It’s unfortunate that the book didn’t deliver on its promises. Kidd is not a bad writer, and in the future I may check out some of her other books, but if you choose to read The Secret Life of Bees, you may want to stop after Chapter One.

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My dilemma

March 14, 2007

I’ve been reading a lot of blogs lately that talk a lot about invisible discrimination, the discrimination that, except for the victims, nobody notices. (One such blog is Vox Ex Machina, which I’m not just recommending because I went to school with its author. Do go check it out; you will probably learn something. I did.) Many people today seem to think that as long as nobody is being forced to drink out of a separate water fountain, racism is “over.” Not so.

Yesterday, at work, I was assigned to create some buttons for a web site my supervisor is working on. They were supposed to designate subheadings of an online manual explaining how to use a piece of software. The headings were things like “Getting started,” “Learning the basics,” “Communication Tools,” and so on. The first few gave me no trouble. I’m not an artist, but I can handle myself passably in Illustrator when mostly geometric shapes are involved, and the pictures I was trying to create were not much more complicated than, say, a smiling PC.

I ran into trouble at Communication Tools. Since I don’t have the skills for drawing a ringing phone or whatever the accepted corporate glyph for “communication” is these days, I settled on drawing two people, in profile, talking to each other. I futzed with the outlines for a while. (I told you, non-geometric shapes are hard for me–I didn’t study English to become a sketch artist!) I added eyeballs. I clicked the “fill” button for each head and scrolled to what looked to me like the color for “skin.”

Fair, peach skin.

I couldn’t blame myself for instinctively reaching for the fair skin tone. It is, after all, the tone of my skin, my family’s skin, and the tone of 90% of those in my hometown (at least when I was growing up). But I now had a dilemma. I couldn’t make both faces fair-skinned, but nor could I, I reasoned, make them both darker. One light, one dark connotes “diversity training” to many, not “communication.” I waffled for a while, unsure of what to do.

Eventually, I settled on two colors I couldn’t find fault with: light magenta and teal. Now my talking heads, which looked fairly stupid to begin with, look like Martians.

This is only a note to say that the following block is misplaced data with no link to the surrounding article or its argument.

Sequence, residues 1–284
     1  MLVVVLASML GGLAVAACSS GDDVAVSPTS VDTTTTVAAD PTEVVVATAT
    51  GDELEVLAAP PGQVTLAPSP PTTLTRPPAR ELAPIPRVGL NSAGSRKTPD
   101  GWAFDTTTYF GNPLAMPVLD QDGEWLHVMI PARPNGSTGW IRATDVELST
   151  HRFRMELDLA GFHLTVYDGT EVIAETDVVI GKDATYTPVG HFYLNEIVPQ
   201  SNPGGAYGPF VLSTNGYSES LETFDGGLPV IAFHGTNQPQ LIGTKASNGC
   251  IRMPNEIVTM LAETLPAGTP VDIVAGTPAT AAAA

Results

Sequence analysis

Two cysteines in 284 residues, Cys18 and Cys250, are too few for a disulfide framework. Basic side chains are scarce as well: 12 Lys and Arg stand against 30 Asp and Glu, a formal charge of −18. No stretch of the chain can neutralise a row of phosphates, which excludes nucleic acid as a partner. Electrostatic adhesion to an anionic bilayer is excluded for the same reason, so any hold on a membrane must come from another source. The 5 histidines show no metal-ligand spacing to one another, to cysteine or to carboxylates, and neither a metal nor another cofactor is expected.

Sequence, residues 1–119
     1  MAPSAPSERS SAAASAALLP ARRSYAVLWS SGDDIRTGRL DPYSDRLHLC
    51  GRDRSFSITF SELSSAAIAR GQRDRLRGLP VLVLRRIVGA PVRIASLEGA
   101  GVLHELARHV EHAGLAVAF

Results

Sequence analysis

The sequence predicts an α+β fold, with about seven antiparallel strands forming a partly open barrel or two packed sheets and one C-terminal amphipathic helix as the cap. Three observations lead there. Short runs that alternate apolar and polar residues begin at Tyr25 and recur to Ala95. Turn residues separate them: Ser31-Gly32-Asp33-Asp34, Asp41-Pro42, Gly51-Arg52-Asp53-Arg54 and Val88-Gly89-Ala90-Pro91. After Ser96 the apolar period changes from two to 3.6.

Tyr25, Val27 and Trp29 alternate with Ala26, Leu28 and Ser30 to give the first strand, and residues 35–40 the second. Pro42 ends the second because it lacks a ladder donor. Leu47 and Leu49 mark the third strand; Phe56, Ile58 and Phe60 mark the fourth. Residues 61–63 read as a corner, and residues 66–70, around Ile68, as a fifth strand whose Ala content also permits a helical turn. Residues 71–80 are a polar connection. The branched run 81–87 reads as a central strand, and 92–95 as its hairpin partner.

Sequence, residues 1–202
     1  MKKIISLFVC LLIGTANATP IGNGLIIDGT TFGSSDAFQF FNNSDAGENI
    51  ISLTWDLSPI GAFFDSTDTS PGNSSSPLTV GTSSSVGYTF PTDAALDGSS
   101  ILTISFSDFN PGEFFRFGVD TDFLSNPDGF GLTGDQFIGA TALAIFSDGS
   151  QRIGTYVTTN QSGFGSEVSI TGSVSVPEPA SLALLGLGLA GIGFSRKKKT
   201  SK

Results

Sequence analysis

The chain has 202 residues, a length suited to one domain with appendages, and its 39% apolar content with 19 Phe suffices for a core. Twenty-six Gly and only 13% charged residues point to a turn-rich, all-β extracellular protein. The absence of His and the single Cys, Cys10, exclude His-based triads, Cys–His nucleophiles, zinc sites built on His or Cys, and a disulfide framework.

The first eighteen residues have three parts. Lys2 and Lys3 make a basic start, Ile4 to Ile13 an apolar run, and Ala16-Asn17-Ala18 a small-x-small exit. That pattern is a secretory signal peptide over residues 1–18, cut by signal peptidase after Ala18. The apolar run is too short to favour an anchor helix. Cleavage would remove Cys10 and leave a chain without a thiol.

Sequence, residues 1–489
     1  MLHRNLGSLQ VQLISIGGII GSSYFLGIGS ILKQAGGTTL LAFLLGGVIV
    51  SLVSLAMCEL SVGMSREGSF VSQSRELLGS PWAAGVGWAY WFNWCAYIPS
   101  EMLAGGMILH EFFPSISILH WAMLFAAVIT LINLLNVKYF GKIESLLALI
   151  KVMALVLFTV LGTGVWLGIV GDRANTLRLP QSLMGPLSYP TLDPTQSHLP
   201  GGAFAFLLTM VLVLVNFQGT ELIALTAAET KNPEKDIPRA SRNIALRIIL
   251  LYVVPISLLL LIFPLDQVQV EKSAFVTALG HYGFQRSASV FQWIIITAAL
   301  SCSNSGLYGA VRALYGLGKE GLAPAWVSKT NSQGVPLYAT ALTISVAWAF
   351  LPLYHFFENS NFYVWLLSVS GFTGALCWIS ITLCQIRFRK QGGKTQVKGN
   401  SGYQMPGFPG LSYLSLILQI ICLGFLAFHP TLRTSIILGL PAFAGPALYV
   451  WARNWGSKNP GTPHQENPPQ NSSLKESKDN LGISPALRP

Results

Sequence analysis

I know this is a tiny issue, in perspective. Perhaps a dozen faculty members will use this site per year. But this is exactly the kind of attitude that results in advertisements featuring people of only one race. This is the kind of attitude that perpetuates a culture that celebrates whiteness. This ad encourages Indian women to lighten their skin; the girl is “too brown,” apparently, to land a rich American husband until she uses Fair & Lovely cream. I’ve always found the Boondocks animated series to use a lighter skin tone for the main characters, whereas the bad guys are drawn much, much darker. Compared to this guy, Huey and Riley just look tan.

Disney has just announced that they are making a return to 2-D animation with “The Frog Princess,” set in 1920’s New Orleans with the first African American Disney Princess. Screw that, she’s the first black Disney princess. Wording it otherwise implies that Disney has a proven track record for making movies about people of color outside America.
From the one bit of concept art I’ve seen, not only is the leading character, Maddy, gorgeous, but she’s dark. (Compared to the Boondocks, at least, which of course Disney has nothing to do with.)

My point is that things could be changing. Or maybe this movie will turn out to be awful. Prince Harry, who Maddy presumably marries at the end, is a European. We’ll see.

In the meantime, I’m not sure I made the right decision with my magenta and teal people, but I didn’t—and still don’t—see a viable alternative. What are your thoughts?